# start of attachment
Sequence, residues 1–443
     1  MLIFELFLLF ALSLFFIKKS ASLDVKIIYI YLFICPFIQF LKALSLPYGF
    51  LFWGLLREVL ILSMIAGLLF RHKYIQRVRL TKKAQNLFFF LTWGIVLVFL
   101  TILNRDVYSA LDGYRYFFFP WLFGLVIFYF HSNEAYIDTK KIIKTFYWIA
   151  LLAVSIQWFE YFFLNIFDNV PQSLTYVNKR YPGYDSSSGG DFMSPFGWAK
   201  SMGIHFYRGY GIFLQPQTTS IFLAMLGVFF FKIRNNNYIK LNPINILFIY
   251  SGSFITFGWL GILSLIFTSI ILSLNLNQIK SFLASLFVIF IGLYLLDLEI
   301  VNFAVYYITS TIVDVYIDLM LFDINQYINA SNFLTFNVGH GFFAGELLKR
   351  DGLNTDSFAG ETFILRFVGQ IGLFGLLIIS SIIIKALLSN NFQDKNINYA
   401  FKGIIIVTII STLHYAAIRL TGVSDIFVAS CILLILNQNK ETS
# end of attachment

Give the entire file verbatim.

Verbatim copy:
Sequence, residues 1–443
     1  MLIFELFLLF ALSLFFIKKS ASLDVKIIYI YLFICPFIQF LKALSLPYGF
    51  LFWGLLREVL ILSMIAGLLF RHKYIQRVRL TKKAQNLFFF LTWGIVLVFL
   101  TILNRDVYSA LDGYRYFFFP WLFGLVIFYF HSNEAYIDTK KIIKTFYWIA
   151  LLAVSIQWFE YFFLNIFDNV PQSLTYVNKR YPGYDSSSGG DFMSPFGWAK
   201  SMGIHFYRGY GIFLQPQTTS IFLAMLGVFF FKIRNNNYIK LNPINILFIY
   251  SGSFITFGWL GILSLIFTSI ILSLNLNQIK SFLASLFVIF IGLYLLDLEI
   301  VNFAVYYITS TIVDVYIDLM LFDINQYINA SNFLTFNVGH GFFAGELLKR
   351  DGLNTDSFAG ETFILRFVGQ IGLFGLLIIS SIIIKALLSN NFQDKNINYA
   401  FKGIIIVTII STLHYAAIRL TGVSDIFVAS CILLILNQNK ETS